Fringe preview: Michelle Wolff is brave

MICHELLE WOLF's new stand-up show is called So Brave. In it, her first solo hour, the New Yorker takes her audience on a personal and occasionally political journey exploring how she sees the world.Named one of the Top 10 Funniest Women in NYC by Time Out, Wolf's act has been described as brave. But what exactly does brave mean... here Wolf ponders that question.

Tuesday, 16th August 2016, 3:07 pm
Updated Tuesday, 16th August 2016, 4:13 pm
Michelle Wolf. Picture: Mindy Tucker

“I’m not sure I know what the word ‘brave’ means anymore. It used to be someone like a fireman was brave. Now someone that writes a blog post in their underwear is brave.

I’m not sure you can be brave without pants on. I think the only thing you can be without pants on is cold.

A lot of people think doing stand up is brave. It’s not. It’s hard. Well, it’s hard to do it well. It’s easy to do it bad.

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It’s easy to do a lot of things bad. I’m bad at tons of things. Like cutting mangos and using TV remotes and relationships. I’m getting better at TV remotes.

But doing stand up isn’t brave. If anything it’s selfish and egotistical. You’re basically saying, ‘Hey, you! You listen to me. You’re gonna enjoy the words I say.’

I can easily get up on stage and talk at people. I find it a lot harder to be off stage and talk with people.

People confuse stupid with brave.  They call people that climb Everest brave. They’re not brave. They’re stupid.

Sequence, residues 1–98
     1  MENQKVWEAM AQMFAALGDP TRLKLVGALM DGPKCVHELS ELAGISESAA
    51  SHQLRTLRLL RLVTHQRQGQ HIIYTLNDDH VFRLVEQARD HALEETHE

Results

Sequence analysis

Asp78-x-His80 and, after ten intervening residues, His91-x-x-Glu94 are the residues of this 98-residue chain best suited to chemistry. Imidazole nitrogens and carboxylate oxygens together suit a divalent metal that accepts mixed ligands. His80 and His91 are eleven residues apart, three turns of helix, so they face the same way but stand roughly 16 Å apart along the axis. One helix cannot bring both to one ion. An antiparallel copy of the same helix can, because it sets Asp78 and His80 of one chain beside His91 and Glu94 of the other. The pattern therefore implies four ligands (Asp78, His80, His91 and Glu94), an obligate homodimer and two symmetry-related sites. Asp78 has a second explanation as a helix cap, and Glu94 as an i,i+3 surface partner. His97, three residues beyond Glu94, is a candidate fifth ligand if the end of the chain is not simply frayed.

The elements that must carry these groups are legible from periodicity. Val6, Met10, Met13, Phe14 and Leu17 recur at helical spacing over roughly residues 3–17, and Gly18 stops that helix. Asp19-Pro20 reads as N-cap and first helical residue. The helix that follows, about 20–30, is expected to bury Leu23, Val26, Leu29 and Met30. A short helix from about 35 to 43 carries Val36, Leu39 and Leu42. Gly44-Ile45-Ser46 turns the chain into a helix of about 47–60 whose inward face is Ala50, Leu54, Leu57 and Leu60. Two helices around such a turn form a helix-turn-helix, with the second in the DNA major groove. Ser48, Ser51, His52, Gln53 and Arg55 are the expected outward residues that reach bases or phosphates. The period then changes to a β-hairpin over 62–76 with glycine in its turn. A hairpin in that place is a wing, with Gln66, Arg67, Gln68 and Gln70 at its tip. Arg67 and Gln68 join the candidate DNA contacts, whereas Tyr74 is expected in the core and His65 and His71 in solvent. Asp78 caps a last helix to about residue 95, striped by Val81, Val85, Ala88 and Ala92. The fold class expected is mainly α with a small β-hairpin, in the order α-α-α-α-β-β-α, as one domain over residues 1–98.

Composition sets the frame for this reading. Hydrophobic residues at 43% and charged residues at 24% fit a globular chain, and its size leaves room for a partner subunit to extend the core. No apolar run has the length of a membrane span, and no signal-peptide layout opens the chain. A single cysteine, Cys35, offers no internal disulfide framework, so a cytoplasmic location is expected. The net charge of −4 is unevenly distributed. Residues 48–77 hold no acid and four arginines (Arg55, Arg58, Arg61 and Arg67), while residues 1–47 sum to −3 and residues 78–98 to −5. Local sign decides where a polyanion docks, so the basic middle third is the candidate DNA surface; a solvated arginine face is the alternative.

Okay maybe the first guy that did it was brave and stupid. Imagine when that first guy said he was going to climb Everest. The person he told would have been like ‘what’s that?’ And he’d have to respond, ‘it’s a mountain I saw a picture of in a book.’ Because there wasn’t internet. If it wasn’t near you, you didn’t know what anything looked like.

So maybe that first guy was brave, but everyone else who does it is just selfish. There’s a pretty good chance you could die on the mountain. And a lot of people do die on Everest... there’s an easy solution - just stop climbing the mountain.

So many people have died on Everest that some of their bodies are used to gauge how far you are from the top. That’s not a way to give directions. If you gave directions to your house like that, ‘turn left and then a quarter mile after the dead body, my house will be on the right’ no one would come. 

So I might not know what brave is anymore. But I’m pretty sure I know what brave isn’t. And I am not brave.

Michelle Wolf: So Brave, Pleasance Courtyard, Beneath, today-28 August, 9.30pm, £11-£13, 0131-226 0000